About his humanity: What separates Tim in our business is really, really simple, a trait also possessed by Peter Gammons and Jayson Stark, two of our former ESPN colleagues who are also Hall of Fame writers: Tim looks for the good in people. He's well aware of the complexities of baseball and those who play it, but he looks for the good, for the hope and wonder in every game, in each day, in each person.
About how beloved he is in the industry: This is true, all true. Baseball might be shut down, but the news about Tim is a bright light in our business.
Jeff Passan, MLB writer: It's 2019, my first year at ESPN, and I'm about to make my first appearance on Baseball Tonight, a show I've watched since I was 8. Nervous does not begin to explain what I felt. I was going to fumble over my words. Say something stupid. Get a fact wrong. The studio lights were bright, and this was going to be a disaster, and ... suddenly a hand touched my left shoulder.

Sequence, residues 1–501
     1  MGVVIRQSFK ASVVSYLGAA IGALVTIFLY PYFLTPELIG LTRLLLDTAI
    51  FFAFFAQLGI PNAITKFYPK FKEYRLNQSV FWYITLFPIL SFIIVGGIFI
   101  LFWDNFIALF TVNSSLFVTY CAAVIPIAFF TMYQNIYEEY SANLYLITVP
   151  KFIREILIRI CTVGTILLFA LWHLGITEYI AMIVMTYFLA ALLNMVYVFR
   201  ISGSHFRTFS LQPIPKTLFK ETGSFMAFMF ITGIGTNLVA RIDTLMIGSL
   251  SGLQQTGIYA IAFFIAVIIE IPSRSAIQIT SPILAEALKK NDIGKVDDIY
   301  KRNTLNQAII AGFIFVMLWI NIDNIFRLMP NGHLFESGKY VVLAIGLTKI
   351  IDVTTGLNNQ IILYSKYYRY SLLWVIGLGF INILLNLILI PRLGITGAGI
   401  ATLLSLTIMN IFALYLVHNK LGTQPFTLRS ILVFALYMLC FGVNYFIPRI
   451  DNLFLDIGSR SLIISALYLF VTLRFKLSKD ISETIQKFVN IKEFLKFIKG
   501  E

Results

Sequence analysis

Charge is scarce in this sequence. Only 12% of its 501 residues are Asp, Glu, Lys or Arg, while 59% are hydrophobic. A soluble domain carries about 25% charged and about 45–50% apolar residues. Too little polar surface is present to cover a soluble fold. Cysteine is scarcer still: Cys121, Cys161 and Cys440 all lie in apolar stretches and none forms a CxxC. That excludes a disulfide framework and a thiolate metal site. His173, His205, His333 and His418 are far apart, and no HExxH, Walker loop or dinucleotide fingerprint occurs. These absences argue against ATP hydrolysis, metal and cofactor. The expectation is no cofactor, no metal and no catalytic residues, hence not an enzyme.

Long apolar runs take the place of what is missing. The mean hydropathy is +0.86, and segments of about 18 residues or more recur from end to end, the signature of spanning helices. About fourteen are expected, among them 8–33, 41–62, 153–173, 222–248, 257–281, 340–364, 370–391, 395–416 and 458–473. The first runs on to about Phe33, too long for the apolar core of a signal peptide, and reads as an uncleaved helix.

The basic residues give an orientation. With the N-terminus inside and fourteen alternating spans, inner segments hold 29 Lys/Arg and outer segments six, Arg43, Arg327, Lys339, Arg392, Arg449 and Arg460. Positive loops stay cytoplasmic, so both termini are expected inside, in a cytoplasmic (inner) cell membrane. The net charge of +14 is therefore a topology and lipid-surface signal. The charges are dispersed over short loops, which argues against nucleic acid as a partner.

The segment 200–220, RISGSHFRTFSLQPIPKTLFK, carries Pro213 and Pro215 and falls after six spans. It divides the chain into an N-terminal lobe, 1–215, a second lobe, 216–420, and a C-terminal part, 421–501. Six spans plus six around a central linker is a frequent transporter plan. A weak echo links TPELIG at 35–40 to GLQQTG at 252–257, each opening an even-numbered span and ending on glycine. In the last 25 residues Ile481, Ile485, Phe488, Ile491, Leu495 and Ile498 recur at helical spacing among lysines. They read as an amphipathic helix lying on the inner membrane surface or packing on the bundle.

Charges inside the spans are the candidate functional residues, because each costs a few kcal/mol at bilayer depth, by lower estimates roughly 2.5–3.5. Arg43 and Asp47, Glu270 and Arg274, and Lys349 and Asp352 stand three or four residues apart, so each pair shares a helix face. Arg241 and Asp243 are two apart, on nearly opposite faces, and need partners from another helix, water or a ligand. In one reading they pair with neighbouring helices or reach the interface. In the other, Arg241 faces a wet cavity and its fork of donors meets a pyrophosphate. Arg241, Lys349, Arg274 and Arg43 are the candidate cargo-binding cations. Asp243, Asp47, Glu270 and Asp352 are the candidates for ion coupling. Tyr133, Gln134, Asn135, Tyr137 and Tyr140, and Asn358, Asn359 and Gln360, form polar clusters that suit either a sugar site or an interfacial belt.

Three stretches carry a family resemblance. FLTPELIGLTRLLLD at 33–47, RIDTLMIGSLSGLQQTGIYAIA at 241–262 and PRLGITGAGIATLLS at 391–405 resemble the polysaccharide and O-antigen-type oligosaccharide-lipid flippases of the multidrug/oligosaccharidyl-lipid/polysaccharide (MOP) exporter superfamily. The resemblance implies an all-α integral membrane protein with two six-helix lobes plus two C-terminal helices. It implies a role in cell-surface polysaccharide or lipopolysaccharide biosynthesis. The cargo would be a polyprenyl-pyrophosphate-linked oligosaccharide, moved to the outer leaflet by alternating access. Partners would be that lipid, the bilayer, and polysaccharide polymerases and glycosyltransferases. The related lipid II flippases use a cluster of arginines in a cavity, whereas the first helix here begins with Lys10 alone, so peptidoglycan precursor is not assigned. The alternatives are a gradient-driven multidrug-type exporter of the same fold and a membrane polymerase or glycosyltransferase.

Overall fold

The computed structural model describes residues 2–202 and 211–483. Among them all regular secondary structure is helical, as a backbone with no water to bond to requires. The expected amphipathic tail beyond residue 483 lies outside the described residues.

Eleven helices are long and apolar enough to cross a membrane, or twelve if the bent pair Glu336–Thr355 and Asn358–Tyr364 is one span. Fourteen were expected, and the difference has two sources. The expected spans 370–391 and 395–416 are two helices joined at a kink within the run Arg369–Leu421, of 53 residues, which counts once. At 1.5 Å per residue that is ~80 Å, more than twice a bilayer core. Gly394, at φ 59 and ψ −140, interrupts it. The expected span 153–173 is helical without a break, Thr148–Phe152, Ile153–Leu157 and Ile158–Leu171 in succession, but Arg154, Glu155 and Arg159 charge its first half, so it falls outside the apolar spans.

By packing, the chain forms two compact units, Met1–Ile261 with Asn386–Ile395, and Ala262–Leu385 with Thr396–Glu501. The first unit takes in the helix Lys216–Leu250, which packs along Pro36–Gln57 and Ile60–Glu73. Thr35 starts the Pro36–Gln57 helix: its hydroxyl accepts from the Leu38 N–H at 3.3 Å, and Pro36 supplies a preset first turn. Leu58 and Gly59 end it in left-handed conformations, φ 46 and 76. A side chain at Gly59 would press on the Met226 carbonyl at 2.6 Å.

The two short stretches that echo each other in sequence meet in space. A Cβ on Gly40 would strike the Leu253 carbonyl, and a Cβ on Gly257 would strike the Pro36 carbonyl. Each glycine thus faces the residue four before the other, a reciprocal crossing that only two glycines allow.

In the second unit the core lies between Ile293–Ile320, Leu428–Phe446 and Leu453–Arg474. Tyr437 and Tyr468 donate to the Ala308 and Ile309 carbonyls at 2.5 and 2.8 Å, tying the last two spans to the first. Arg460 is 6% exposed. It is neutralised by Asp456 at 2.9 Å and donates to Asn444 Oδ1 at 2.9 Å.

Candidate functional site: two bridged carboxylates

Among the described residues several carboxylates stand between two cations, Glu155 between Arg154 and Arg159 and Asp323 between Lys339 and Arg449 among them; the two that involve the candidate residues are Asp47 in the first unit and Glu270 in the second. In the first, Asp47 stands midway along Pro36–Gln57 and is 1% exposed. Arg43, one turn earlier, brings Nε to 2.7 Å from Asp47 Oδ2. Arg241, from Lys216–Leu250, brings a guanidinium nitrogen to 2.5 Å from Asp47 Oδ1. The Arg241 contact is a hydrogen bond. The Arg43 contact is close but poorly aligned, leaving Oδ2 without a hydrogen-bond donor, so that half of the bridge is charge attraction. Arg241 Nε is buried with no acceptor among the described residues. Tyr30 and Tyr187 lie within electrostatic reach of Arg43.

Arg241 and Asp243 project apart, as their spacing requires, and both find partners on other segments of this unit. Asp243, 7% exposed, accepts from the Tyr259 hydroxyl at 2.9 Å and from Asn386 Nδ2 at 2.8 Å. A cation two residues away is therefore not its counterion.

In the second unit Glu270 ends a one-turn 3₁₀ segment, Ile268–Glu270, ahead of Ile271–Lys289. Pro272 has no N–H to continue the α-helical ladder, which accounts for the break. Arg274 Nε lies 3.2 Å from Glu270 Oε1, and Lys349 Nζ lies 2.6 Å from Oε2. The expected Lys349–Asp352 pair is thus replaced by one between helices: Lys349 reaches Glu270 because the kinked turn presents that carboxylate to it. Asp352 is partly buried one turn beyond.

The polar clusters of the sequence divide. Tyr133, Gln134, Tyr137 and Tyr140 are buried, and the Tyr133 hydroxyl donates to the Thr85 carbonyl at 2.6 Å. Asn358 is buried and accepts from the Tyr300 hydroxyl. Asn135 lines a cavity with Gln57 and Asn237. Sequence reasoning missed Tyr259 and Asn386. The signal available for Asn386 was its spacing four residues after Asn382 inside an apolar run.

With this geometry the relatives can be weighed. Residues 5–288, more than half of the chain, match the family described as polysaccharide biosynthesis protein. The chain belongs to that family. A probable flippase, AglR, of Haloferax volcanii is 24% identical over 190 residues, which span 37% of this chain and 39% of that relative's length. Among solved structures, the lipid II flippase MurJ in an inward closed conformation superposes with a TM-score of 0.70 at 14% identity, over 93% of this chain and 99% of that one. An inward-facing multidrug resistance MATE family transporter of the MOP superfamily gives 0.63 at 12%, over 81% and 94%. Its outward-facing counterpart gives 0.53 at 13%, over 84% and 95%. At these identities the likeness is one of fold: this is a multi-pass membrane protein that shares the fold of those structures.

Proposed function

"This is going to be great," Tim Kurkjian said.
Perhaps you've heard that Tim is the greatest guy. That actually undersells him. In that moment -- in any moment -- someone as accomplished as Tim could very easily keep to himself, and nobody would begrudge him for it. Instead, Tim is habitually generous with his time, his knowledge, his words of wisdom. When his hand hit my shoulder, it was like a muscle relaxant. "Just follow Ravy," he said, motioning to Karl Ravech, our indefatigable anchor who did, just as Tim suggested he would, lead us exactly where we needed to go.
I probably screwed up a few times that day, but I don't remember how. All I recall is the relentless positivity of Tim Kurkjian: elite teammate, great friend and, finally, most deserving Hall of Famer.